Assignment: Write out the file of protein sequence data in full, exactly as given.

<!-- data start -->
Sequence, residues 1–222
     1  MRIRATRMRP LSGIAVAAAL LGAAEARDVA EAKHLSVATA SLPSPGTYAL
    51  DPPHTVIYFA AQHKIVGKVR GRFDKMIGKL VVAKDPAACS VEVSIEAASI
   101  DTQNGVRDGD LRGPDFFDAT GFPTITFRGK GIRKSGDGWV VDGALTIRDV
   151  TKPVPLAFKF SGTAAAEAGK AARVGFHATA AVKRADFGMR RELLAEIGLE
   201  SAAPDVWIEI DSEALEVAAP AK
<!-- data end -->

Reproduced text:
Sequence, residues 1–222
     1  MRIRATRMRP LSGIAVAAAL LGAAEARDVA EAKHLSVATA SLPSPGTYAL
    51  DPPHTVIYFA AQHKIVGKVR GRFDKMIGKL VVAKDPAACS VEVSIEAASI
   101  DTQNGVRDGD LRGPDFFDAT GFPTITFRGK GIRKSGDGWV VDGALTIRDV
   151  TKPVPLAFKF SGTAAAEAGK AARVGFHATA AVKRADFGMR RELLAEIGLE
   201  SAAPDVWIEI DSEALEVAAP AK